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Late Quaternary aggradation and incision in the headwaters of the Yangtze River, eastern Tibet Plateau, China
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  • Yang Yu,
  • Xianyan Wang,
  • shuangwen Yi,
  • Xiaodong Miao,
  • Jef Vandenberghe,
  • Yiquan Li,
  • Huayu Lu
Yang Yu
Nanjing University
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Xianyan Wang
Nanjing University

Corresponding Author:[email protected]

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shuangwen Yi
Nanjing University
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Xiaodong Miao
School of Resource and Environmental Sciences, Linyi University
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Jef Vandenberghe
VU University
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Yiquan Li
School of Geography and Ocean Science, Nanjing University
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Huayu Lu
School of Geography and Ocean Science, Nanjing University, Nanjing, China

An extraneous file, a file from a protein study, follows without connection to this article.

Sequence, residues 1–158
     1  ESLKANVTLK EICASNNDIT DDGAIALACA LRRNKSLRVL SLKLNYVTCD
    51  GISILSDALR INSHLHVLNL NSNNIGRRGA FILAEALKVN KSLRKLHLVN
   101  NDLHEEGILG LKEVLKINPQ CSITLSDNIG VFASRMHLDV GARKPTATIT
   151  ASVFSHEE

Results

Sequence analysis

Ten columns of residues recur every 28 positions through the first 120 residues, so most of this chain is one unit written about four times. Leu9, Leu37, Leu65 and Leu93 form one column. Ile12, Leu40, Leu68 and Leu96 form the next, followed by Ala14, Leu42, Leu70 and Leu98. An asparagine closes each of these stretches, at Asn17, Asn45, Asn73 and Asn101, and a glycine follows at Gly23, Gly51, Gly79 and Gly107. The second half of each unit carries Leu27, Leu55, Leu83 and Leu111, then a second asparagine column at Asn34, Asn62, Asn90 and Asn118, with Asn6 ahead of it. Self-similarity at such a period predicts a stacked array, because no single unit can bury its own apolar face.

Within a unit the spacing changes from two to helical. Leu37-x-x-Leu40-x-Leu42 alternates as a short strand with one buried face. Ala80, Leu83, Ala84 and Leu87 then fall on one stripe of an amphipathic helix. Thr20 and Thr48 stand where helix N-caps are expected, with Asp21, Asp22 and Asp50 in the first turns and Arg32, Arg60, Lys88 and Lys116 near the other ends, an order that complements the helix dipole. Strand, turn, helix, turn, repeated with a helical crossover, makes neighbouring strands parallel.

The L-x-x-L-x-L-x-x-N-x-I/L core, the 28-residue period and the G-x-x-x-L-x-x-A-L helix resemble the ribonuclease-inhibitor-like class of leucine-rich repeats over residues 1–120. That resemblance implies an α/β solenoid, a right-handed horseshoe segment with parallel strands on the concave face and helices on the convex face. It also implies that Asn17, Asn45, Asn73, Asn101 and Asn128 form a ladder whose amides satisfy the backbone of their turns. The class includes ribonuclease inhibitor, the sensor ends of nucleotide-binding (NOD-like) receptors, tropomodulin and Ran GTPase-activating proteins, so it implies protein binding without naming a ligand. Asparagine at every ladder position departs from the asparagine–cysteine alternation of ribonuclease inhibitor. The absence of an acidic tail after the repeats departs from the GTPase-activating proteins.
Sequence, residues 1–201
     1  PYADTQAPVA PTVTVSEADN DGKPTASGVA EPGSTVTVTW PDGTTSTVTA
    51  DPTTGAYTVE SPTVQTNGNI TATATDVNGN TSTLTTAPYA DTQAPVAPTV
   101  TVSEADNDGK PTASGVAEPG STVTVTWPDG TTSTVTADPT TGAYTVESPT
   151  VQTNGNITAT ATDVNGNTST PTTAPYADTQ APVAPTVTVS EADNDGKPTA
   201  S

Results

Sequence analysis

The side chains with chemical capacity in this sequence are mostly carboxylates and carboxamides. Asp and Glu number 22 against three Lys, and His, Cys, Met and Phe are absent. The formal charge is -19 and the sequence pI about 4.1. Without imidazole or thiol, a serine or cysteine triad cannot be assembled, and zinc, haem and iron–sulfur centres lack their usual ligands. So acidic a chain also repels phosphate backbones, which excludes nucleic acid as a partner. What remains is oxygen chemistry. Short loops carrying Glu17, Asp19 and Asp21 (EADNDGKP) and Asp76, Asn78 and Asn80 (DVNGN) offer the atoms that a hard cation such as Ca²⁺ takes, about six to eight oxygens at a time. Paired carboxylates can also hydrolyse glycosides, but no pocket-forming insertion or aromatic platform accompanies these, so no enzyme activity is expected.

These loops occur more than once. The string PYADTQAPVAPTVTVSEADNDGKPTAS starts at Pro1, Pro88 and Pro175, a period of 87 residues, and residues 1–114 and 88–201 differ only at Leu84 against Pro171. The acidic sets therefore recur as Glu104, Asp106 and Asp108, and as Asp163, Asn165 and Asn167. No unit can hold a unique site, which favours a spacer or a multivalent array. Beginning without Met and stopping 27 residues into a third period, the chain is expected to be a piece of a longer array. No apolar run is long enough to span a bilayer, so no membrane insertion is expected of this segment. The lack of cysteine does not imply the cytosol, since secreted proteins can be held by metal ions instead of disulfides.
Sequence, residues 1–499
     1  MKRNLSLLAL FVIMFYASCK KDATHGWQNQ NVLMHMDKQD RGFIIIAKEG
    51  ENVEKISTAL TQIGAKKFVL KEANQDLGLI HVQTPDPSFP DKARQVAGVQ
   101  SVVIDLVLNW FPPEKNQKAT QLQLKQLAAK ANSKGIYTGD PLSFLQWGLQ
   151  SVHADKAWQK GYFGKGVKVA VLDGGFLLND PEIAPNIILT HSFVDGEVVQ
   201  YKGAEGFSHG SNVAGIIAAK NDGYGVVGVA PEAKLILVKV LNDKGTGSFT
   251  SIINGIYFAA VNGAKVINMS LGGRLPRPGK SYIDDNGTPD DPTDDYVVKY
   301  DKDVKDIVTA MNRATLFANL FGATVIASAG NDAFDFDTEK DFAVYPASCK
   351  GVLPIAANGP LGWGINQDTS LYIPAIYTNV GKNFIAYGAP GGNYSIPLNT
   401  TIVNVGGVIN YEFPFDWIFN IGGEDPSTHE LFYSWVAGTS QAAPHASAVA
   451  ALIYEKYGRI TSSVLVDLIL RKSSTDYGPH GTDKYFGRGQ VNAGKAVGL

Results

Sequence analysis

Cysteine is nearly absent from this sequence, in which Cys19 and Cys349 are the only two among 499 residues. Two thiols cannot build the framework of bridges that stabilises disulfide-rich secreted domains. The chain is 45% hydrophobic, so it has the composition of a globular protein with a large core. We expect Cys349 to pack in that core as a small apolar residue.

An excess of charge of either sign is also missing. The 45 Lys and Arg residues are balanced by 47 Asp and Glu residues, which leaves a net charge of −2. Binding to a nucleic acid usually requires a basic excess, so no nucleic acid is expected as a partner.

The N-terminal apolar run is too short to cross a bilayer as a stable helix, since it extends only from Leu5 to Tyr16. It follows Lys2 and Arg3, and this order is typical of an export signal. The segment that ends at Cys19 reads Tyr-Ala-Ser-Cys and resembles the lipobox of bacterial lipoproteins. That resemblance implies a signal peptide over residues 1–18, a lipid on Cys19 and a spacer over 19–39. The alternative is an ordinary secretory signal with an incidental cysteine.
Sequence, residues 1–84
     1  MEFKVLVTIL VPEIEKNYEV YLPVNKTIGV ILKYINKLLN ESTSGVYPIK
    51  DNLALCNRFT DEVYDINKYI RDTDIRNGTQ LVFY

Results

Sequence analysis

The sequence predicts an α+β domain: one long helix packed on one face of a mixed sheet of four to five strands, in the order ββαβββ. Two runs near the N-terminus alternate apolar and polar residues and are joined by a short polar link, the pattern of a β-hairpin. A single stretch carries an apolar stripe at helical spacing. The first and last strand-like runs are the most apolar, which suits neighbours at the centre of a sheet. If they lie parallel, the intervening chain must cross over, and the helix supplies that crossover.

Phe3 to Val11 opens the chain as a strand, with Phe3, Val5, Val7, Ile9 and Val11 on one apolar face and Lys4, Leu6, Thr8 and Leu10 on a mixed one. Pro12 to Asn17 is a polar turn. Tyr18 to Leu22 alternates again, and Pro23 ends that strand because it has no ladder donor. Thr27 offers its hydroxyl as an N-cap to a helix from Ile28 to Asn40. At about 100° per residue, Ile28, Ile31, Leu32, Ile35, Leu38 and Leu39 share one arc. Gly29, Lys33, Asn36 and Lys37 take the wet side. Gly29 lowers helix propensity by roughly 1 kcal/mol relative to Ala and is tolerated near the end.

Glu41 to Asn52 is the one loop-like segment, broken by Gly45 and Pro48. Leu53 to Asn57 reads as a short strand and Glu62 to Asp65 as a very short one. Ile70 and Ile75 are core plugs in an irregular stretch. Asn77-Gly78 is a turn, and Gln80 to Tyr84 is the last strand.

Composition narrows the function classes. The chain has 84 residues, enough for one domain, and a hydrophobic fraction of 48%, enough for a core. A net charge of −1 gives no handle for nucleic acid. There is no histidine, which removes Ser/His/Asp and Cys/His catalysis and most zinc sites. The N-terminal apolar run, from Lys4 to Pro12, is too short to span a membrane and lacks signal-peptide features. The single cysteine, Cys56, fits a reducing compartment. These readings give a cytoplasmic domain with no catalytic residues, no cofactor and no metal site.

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River aggradation or incision at different spatial-temporal scales are governed by tectonics, climate change and surface processes which all adjust the ratio of sediment load to transport capacity of a channel. But how the river responds to differential tectonic and extreme climate events in a catchment is still poorly understood. Here, we address this issue by reconstructing the distribution, ages and sedimentary process of fluvial terraces in a tectonically active area and monsoonal environment in the headwaters of the Yangtze River in the eastern Tibet Plateau. Field observations, topographic analyses and optically stimulated luminescence (OSL) dating reveal a remarkable fluvial aggradation, followed by terraces formations at elevations of 62-55 m (T7), 42-46 m (T6), 38 m (T5), 22-36 m (T4), 18 m (T3), 11 m (T2), 2-6 m (T1) above the present floodplain. Gravelly fluvial accumulation more than 62 m thick has been dated prior to 24-19 ka. It is regarded as a response to cold climate during the Last Glacial Maximum. Subsequently, the strong monsoon precipitation contributed to cycles of rapid incision and lateral erosion, expressed as cut-in-fill terraces. The correlation of terraces suggests that specific tectonic activity controls the spatial scale and geomorphic characteristics of the terraces, while climate fluctuations determine the valley filling, river incision and terrace formation. Debris and colluvial sediments are frequently interbedded in fluvial sediment sequences, illustrating the episodic short-time blocking of the channel around 20 ka. This indicates the potential impact of extreme events on the geomorphic evolution in the rugged terrain.